No Film – No Problems

No Film – No Problems
No Film – No Problems

There is a photographer in Cha-Am who is a multiple prize winner, more than 30, and most recently winning an award winner at the Sirindhorn International Environment Centre photographic competition. Mind you his forte is taking photos of landscapes and wildlife, so this award may not have been unexpected. Khun ……………………….. is better known by his nickname; ‘No Film’. We all know that is recent years digital photography has by far eclipsed the old days of loading a film spool into the camera and needing to make visits to the local developer before having any idea what shots you have taken.

Perhaps the nickname came rom his first venture into the digital age …………………. “look Mum, no film!” ‘No Film’ has a background including time in the Royal Thai Army and for a period worked in a bank. He decided to follow his passion for photography and now operates a small business which is a combination of coffee shop and photo gallery. He has other plans to teach more photography. On the day we visited he had two students in attendance, eager to learn how to produce the absolutely stunning shots on display. ‘No Film’ is also a traveller to many historic and iconic Thai landmarks.

He is not really interested in the usual commercial style of photography such as weddings and other society gatherings. However as a contributor to internet photography sites (such as Shutterstock), he is able to make a modest income. On the side he is also the current President of the Cha-Am Business Man’s Club. We asked ‘No Film’ about the mistakes made by amateur photographers. The first point he made was the need to carefully consider composition.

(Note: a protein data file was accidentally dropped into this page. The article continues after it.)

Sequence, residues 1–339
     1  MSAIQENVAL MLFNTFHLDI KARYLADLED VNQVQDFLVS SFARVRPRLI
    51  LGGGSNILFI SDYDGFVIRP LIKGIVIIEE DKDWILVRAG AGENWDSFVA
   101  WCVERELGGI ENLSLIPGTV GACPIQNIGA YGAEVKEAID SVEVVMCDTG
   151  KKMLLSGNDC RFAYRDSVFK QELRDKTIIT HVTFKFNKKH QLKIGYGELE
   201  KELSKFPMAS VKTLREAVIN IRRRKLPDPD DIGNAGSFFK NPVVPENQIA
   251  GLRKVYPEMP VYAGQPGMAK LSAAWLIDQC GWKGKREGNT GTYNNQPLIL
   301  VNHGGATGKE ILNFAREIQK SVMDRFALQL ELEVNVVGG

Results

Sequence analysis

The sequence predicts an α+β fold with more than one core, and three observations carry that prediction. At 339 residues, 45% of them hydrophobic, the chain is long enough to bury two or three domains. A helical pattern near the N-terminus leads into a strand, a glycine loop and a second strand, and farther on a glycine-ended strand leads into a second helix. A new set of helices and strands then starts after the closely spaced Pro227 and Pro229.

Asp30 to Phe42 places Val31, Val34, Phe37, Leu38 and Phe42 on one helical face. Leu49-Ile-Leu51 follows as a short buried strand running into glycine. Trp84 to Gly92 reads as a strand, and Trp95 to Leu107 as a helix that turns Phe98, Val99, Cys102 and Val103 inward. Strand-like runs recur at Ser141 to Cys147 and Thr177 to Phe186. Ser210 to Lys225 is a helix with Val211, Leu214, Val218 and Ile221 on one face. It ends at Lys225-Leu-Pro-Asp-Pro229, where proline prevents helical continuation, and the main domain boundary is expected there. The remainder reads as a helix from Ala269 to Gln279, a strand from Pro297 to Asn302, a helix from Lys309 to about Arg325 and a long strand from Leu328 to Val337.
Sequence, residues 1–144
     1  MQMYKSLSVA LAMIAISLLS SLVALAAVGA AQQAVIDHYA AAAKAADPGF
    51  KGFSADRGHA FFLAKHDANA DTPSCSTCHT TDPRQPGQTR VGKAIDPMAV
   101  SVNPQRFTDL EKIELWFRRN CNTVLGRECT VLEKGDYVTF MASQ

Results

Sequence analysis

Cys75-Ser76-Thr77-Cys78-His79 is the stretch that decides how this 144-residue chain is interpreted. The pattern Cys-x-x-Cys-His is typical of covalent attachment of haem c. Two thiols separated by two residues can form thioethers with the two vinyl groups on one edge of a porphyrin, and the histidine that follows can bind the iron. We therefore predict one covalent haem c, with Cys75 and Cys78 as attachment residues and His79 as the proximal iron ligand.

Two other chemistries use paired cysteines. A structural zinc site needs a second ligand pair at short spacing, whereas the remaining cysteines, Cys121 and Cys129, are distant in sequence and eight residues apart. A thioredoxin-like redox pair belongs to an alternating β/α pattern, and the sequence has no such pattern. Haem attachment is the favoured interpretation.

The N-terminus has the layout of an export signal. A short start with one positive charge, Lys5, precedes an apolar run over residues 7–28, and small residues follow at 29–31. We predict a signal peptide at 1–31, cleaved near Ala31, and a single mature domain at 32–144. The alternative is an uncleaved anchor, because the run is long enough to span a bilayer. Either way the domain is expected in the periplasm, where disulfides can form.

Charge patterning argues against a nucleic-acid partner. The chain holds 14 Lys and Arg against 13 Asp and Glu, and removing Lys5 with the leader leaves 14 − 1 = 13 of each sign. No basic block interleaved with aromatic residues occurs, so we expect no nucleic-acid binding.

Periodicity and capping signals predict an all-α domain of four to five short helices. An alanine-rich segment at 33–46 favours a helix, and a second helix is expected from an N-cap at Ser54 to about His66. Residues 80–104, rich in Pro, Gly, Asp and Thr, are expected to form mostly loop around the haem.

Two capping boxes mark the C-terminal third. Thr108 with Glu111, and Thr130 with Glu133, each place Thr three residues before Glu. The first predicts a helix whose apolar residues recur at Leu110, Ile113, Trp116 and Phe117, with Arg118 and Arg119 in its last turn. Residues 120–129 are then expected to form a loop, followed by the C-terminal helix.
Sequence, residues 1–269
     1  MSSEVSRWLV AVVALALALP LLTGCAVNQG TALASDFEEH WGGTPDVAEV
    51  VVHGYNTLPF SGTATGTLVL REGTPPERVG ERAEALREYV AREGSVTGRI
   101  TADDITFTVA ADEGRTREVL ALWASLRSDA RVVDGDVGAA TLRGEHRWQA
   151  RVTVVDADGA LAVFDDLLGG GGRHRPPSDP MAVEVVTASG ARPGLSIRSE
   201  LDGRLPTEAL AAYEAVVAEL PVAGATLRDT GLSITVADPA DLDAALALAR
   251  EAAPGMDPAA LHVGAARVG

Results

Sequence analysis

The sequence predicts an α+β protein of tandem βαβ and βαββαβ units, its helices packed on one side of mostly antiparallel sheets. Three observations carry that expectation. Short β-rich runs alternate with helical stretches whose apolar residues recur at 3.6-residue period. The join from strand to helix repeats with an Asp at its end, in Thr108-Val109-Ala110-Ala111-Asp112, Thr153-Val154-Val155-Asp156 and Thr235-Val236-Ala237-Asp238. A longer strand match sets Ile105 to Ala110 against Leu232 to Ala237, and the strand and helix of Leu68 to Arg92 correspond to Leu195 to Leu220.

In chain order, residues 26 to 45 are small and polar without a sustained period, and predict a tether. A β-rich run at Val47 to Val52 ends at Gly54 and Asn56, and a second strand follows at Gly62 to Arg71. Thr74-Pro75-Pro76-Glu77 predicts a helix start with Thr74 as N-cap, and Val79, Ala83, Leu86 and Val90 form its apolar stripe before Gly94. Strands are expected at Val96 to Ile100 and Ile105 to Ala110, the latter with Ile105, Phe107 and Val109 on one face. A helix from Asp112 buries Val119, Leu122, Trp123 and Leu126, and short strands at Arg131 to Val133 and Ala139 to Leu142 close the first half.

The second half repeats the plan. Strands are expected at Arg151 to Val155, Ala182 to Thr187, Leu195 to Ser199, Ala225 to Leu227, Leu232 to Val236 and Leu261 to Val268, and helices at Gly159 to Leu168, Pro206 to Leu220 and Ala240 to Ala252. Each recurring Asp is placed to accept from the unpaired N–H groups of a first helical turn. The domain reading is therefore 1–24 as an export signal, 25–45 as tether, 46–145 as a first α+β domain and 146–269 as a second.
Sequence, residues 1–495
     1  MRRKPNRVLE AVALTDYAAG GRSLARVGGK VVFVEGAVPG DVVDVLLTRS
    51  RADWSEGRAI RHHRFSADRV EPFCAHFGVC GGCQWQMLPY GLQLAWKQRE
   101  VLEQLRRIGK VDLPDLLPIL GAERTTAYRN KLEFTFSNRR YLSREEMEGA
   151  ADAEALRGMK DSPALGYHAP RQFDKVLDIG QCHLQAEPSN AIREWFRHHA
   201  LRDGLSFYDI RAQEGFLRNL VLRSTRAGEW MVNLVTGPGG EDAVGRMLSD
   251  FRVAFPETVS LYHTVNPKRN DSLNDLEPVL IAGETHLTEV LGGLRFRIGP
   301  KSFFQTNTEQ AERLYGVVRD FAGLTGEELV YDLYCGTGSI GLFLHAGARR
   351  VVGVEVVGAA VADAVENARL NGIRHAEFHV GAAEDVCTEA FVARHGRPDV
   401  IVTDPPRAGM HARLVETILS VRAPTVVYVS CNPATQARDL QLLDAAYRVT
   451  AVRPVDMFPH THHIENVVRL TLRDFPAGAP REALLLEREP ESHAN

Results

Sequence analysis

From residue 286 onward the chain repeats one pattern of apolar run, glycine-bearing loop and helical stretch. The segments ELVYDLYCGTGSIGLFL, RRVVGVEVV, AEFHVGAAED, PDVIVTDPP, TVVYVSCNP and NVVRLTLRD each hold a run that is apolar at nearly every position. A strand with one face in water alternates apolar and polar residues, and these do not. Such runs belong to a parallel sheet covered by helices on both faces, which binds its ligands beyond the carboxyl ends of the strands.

Framing shots with overhanging branches or other ways of naturally composing a complete scene is, according to him, just a matter of some forethought rather than just pointing in the general direction. Sounds easy, but perhaps the artist’s eye also comes into play.

The second tip was to be patient and plan for natural lighting effects. Understanding and seeing the angles of the sun, shade and how light can highlight or subdue elements of the shot may require waiting for the right time of the day. Spur of the moment photography is unlikely to be successful. If you are an interested photographer wanting to see some of the finest photographic scenes of Thailand you are likely to see; this is the place. The coffee’s also very good as a part of enjoying the visit.


About 500 metres away from the traffic lights in Cha- Am heading north there is a small street to the right that joins the ‘hospital road’. The shop doesn’t really have a name but you will see the coffee signs outside on the south side of this road. Our thanks to ‘No Film’ for allowing our reproduction of this great prize winning photograph.